Wednesday, December 02, 2020


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Missouri ambulance district seeks donations of protective gear after state demand runs high

ST. LOUIS ( -- Missouri Governor Mike Parson on Thursday tweeted a photo of a new shipment of personal protective equipment that arrived to the state. It includes surgical masks, gloves, gowns and face shields.

But the demand is outpacing the supply because healthcare workers are using them at a faster rate than normal; and that’s leaving the residents of Troy, Missouri to step up to help first responders.

Lincoln County announced its first case of coronavirus Thursday, proving why now more than ever, healthcare workers in the county must have this protective equipment.

The Lincoln County Ambulance District is making sure all its trucks have an ample supply of personal protection equipment. Out of an abundance of caution, crews are using them on themselves and patients more now because of the coronavirus pandemic.

"We're the first ones through the door, so we need these masks right up front," said Chief Ray Antonacci with the Lincoln County Ambulance District.

Last week the state shipped the ambulance district a supply of masks. But it was only half of what was requested, so the chief has been looking for other types of masks that could still provide protection.

That’s why they started getting donations from the community this week, sometimes while an ambulance crew was out on a run.

On Thursday, a local fabrication company that's shut down right now, knew these first responders were short on supplies and stepped up to help.

"He brought in a bunch of stuff,” Antonacci said. “Some suits, Tyvek suits, a box of masks and some gloves that they're not using right now while they're down.”

“So a lot of them are what would be called ‘off label.’ They're not necessarily made for medical purposes, they're made for industrial purposes. But they'll do the job during a global pandemic."

Besides the masks, the fire district is using ultraviolet lights inside ambulances to kill bacteria and any viruses. That, in addition to wiping down the surfaces inside the ambulances.

Antonacci said he's very grateful for the donations but could use even more. You can drop it by one of the stations or call the chief at the administrative offices.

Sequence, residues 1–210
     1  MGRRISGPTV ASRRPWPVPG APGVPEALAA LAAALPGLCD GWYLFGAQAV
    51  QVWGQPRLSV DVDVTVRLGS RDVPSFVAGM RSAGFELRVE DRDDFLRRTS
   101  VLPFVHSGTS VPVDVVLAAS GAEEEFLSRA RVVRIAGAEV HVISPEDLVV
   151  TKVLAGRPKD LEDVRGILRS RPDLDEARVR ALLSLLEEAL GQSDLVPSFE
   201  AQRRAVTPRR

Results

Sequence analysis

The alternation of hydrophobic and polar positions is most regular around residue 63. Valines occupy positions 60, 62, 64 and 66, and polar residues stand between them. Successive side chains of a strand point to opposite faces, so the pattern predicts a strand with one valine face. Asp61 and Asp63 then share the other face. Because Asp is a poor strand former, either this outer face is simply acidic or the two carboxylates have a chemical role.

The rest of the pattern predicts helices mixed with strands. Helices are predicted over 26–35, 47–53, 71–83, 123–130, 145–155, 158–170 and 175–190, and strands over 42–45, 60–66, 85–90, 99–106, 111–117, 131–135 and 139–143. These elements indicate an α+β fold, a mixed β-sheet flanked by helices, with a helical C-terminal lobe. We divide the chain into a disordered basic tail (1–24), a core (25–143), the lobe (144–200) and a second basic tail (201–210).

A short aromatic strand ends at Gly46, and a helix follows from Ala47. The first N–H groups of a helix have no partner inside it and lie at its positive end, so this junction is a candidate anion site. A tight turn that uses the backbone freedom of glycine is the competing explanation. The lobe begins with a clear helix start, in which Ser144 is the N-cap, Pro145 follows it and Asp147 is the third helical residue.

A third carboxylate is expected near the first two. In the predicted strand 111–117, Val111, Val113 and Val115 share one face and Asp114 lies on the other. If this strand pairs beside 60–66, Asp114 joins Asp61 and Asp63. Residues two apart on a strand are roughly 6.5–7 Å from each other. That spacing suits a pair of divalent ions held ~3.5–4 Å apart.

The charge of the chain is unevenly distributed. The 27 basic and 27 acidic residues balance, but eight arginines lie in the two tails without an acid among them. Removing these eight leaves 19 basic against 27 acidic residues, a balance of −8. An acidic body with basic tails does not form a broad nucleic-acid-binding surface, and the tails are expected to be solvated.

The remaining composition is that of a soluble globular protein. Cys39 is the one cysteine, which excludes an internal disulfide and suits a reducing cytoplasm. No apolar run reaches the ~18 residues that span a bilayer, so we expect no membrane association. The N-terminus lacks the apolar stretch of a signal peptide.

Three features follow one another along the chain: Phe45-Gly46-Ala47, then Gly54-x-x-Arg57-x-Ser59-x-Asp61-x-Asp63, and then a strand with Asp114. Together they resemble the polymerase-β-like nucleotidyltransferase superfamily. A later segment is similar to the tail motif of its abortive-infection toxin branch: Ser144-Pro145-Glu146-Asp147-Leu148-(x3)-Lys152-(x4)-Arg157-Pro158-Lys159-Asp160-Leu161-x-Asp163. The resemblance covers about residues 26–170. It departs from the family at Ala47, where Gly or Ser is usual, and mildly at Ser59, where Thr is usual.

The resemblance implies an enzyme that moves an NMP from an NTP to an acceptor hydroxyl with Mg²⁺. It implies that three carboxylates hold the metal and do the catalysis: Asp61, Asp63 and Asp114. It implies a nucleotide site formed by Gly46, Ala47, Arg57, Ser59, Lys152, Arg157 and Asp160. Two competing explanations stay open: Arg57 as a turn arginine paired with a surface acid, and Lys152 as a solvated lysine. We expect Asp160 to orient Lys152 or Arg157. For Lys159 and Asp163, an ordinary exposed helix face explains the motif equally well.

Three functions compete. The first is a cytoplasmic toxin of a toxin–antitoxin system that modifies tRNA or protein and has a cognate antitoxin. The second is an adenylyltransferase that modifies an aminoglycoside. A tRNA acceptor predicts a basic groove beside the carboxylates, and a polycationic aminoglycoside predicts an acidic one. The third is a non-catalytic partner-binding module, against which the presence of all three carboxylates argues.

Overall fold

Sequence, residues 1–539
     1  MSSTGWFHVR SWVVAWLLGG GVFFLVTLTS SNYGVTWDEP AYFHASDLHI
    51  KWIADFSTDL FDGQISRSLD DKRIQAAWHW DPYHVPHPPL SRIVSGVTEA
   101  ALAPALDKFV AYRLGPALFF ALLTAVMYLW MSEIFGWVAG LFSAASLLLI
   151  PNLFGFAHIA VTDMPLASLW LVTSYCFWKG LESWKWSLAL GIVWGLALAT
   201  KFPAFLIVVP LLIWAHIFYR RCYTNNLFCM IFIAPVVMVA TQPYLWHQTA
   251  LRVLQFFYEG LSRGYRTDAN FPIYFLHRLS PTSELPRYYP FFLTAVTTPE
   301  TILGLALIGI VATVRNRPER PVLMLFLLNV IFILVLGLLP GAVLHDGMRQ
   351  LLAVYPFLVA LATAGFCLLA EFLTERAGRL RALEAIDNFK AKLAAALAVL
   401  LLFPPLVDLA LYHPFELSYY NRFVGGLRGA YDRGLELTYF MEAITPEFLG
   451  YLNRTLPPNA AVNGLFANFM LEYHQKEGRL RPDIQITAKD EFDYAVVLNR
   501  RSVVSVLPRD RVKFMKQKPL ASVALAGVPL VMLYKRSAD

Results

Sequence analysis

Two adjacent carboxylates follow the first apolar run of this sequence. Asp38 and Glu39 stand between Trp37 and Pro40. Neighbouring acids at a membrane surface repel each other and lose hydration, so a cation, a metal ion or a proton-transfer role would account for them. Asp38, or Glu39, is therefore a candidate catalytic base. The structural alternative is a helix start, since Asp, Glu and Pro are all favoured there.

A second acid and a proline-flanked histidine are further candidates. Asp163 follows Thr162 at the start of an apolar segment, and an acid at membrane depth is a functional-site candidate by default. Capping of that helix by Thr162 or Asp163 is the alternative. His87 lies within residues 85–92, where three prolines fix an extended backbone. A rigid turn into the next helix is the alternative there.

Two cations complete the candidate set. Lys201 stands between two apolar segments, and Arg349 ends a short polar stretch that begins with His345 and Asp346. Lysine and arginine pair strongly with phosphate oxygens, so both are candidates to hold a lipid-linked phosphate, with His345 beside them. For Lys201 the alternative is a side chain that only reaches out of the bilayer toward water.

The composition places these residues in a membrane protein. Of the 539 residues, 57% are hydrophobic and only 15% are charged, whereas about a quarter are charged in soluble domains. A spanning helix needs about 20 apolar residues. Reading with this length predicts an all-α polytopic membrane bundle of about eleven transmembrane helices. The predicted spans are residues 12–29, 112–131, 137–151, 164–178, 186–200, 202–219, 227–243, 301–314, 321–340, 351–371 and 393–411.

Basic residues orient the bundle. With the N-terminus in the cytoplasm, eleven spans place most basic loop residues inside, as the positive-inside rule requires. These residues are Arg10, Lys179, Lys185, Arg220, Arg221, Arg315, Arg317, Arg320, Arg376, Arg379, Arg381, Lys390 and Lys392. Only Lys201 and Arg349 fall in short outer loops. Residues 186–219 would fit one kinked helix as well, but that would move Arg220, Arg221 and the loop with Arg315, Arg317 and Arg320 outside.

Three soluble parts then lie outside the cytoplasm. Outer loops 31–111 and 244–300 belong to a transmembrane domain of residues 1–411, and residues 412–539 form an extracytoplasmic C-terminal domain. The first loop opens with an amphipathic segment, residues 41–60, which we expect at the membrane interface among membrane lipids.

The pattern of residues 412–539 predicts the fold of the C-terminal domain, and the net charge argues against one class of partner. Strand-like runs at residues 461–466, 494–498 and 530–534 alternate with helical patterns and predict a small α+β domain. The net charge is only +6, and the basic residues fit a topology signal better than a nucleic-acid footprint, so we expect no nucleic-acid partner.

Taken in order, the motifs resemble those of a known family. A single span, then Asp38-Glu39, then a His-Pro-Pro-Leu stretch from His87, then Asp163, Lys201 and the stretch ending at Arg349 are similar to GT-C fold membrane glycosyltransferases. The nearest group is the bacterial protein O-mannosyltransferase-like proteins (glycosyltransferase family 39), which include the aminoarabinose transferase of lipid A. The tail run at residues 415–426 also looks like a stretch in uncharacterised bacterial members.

Local agencies suit up, turn on UV light to fight coronavirus

In the battle against coronavirus, first responders are stocking up on the tools they need to stay safe, including personal protective equipment and ultraviolet lights that zap the potentially deadly COVID-19.

Upper Pine Fire Protection District began using two portable ultraviolet lighting devices, which cost about $6,000 total, to disinfect ambulances and fire stations. Durango Fire Protection District has an ultraviolet lamp coming soon.

The germicidal ultraviolet technology, made by EvergreenUV of Memphis, Tennessee, is one way to provide extra security to emergency responders when other equipment is in short supply.

“There’s a personal protective equipment shortage everywhere,” said Bruce Evans, Upper Pine fire chief. “It’s difficult, not impossible, but it is difficult (to get supplies).”

Responders wear personal protective equipment, like Tyvek suits, eye-protection and N95 masks, when they respond to a call in which the patient expresses virus-related symptoms.

Since they regularly engage with members of the public and live in close quarters while on shift, they are vulnerable to the virus’s transmission.

“There’s not an unlimited supply of first responders,” Evans said. “We have to stay healthy and stay protected so that we’re available to answer the call.”

Evans said the district has sufficient, but limited, personal protective equipment supplies. Durango Fire Protection District Chief Hal Doughty also said his district had a good stockpile of personal protective equipment – as long as COVID-19 patient contact doesn’t increase.

“‘Enough’ is a minute-by-minute definition,” Doughty said. “The thing we’re actually really struggling with most is the simple patient masks. ... I think every EMS agency is probably going through the same things we are.”

The districts are also practicing social distancing measures while at work and seeing patients. For example, Upper Pine employees are telecommuting, and station crews are isolated from each other to limit the virus’ spread within the district.

The districts could get some relief from worries over personal protective equipment. The Colorado State Emergency Operations Center and Colorado Department of Public Health and Environment began shipping supplies from the Strategic National Stockpile across Colorado on Monday.

In the meantime, both districts turned to the germicidal ultraviolet technology to enhance their sanitation procedures.

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